22nd March: Winds at Stone Point

This post is based on a post I have just published on the NCI Calshot “Blog” which was, in turn, based on a report to NCI aimed at getting a warning or disclaimer displayed next to published met data on the NCI’s web site.  NCI and NCI stations appear to be an “official” data source and as such the met data might be given undue credence by someone venturing onto the water.  In fact, getting a representative wind reading from a coastal site depends very much on the exposure of the anemometer for the existing wind direction.  When NCI first started putting met data on the official website I questioned whether it was a good idea, but got no response, they just went ahead.  Anyway, here is a version of what I wrote on the Blog:

The photo shows the anemometer position at NCI Stone Point.  It is probably better exposed than at many NCI stations, there is a tendency to mount the anemometer too close to the station roof.  However we do have a lot of trees and bushes particularly to the east of the station.

So how well do the NCI Stone Point anemometer readings represent the wind over the nearby Solent waters?

During the period 24th February to 4th March 2024 the Solent experienced a series of small depressions which gave a wide range of wind speeds and directions, suitable for checking the anemometer values. I used past wind data from Stone Point from Davis Weatherlink at 15 minute intervals and compared the individual wind observations with those from the Bramble Met Post which, being surrounded by water, should indicate the actual wind strength over the central Solent.

The plot shows the wind speed difference (Stone Point – Bramble) in knots plotted against the wind direction as measured at Bramble. The blue line shows the average difference for 10 degree intervals.

Ideally, the points should all lie on the circle of zero difference within the white area, which indicates there was agreement to within ± 5 kts. In the red area the Stone Point winds are less than those measured at Bramble Met Post by more than 5 kts, in the green area they are more than 5 kts greater.

Some of these individual differences will be due to the wind at Bramble being different to the wind at Lepe. However the average differences are probably due the Stone Point winds under-estimating the wind over the water. The plot suggests, for example, that on average Stone Point agrees with Bramble for winds from the SW but under-estimates the winds experienced at Bramble by 15 kts or more if the wind is from the NE, that is blowing from the land to the sea at Lepe.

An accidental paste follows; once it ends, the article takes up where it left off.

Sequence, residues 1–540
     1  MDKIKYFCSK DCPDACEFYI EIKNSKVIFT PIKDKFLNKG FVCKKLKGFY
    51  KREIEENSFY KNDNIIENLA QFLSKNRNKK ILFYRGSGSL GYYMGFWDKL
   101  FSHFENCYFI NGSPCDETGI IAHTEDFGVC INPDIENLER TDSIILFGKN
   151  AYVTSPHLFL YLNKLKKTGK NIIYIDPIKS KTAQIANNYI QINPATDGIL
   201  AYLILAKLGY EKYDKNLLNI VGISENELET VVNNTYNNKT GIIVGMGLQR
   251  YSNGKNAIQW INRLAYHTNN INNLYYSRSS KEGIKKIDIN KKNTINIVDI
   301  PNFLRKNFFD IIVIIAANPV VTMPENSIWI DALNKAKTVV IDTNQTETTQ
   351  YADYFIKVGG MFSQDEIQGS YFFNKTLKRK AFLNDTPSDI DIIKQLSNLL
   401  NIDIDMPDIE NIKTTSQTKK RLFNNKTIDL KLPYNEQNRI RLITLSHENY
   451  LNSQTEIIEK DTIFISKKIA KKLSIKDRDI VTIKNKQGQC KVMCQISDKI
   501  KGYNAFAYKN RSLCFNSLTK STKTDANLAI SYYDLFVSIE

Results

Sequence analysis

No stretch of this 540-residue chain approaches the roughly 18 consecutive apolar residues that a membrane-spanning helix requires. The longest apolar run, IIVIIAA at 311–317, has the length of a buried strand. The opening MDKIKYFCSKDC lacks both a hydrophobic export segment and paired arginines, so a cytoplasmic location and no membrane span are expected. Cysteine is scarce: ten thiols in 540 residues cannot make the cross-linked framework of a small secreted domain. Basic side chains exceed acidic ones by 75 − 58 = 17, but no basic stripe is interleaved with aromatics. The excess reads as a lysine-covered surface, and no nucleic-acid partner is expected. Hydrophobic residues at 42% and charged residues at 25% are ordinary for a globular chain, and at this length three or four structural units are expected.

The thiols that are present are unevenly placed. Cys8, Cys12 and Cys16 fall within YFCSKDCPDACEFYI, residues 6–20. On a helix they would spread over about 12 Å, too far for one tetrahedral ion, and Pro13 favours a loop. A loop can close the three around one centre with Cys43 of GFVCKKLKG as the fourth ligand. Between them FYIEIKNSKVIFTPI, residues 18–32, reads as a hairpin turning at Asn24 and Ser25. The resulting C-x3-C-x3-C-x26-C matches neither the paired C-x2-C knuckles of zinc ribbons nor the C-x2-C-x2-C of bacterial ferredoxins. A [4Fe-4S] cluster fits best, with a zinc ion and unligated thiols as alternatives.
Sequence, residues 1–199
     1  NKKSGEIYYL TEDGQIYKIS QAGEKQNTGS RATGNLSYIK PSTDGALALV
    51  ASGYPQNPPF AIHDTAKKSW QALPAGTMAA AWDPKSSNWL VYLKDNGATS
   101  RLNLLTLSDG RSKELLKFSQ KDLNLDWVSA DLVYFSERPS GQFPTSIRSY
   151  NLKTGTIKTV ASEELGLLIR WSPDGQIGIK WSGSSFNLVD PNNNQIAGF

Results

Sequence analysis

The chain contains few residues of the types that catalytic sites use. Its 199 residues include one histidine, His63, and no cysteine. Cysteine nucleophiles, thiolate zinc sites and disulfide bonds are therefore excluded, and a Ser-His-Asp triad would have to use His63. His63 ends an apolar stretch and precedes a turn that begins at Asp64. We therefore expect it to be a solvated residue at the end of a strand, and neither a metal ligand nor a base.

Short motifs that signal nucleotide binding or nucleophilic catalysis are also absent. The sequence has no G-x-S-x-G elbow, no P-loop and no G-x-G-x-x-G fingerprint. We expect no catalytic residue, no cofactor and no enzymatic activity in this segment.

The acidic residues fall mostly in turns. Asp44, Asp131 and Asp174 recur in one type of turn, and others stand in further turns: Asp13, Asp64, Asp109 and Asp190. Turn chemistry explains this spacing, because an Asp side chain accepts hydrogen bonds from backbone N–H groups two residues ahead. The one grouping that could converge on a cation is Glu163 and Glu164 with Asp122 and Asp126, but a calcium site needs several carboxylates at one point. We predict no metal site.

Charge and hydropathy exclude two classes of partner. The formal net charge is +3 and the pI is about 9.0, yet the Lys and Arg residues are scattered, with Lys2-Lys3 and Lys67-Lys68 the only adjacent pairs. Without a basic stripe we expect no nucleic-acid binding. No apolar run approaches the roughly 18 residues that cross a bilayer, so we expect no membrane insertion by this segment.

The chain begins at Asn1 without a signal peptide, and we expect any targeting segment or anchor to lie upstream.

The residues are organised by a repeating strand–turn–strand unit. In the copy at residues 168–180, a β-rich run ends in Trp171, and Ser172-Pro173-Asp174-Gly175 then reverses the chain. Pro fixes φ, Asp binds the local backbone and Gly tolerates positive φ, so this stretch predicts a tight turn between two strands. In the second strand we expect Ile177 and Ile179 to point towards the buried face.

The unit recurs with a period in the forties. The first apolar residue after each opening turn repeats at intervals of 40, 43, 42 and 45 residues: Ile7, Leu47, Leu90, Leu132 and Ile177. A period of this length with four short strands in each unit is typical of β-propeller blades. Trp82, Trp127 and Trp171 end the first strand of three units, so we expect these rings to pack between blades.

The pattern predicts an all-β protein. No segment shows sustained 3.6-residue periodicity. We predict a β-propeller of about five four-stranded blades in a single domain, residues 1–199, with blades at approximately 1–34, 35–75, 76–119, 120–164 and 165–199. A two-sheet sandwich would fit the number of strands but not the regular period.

NCI stations report the wind strength as a Beaufort Force (BF) value. The next plot shows the average difference in BF estimates between Stone Point and Bramble. The white area indicates agreement, the yellow area indicates Stone Point winds were less by one BF value. The pink areas indicate Stone Point under-estimating the wind over the Solent by two or three BF values.

The wind directions for which the BF value recorded at Stone Point was generally similar to that at Bramble is indicated by the arrowed line on the plot.

It corresponds to wind directions from about South-Southeast to West. This is shown by the non-shaded region on the aerial view.

For winds from NNE to ESE the BF estimates indicated by the Stone Point met station are two or three BF intervals less than those at Bramble. That suggests that a BF 7 “Near Gale” from the NE might be recorded by the anemometer as a BF 4 “Moderate Breeze”… that would be a big difference if you are out on the water!

Even a well sited anemometer at a coastal location will under-estimate the actual wind strength over the water when the wind is blowing from the land towards the sea. Any land surface, even a flat grassy field, will slow the air flow down more than the water surface does. That is because the waves on the water are free to move with the wind. In addition on land there are almost always obstructions to the wind caused by trees, hedges, buildings, etc. and their wakes extend far downwind.

What these data emphasise is that we need to ensure that watchkeepers at NCI Stone Point take care when using the anemometer readings to estimate the wind over the water. If the wind is not blowing from the water towards the station, then the Beaufort Force estimate should be checked (and probably increased) by looking at other indicators – the wind at Bramble Met Post, the appearance of the water, the effect of the wind on sailing yachts, etc.

How well anemometer winds recorded at other NCI Stations represent the actual wind over the nearby water will vary greatly depending on the station location and the wind direction.  An NCI station on a cliff top may occasionally record increased winds (as seen at the National Trust site at the Needles). In contrast, an NCI station on a sea front Promenade may be sheltered by nearby hotels and apartment blocks and often record much reduced wind strengths.

I ended by suggesting that “if you are deciding whether to venture out on the water, don’t simply rely on anemometer readings from coastal locations!”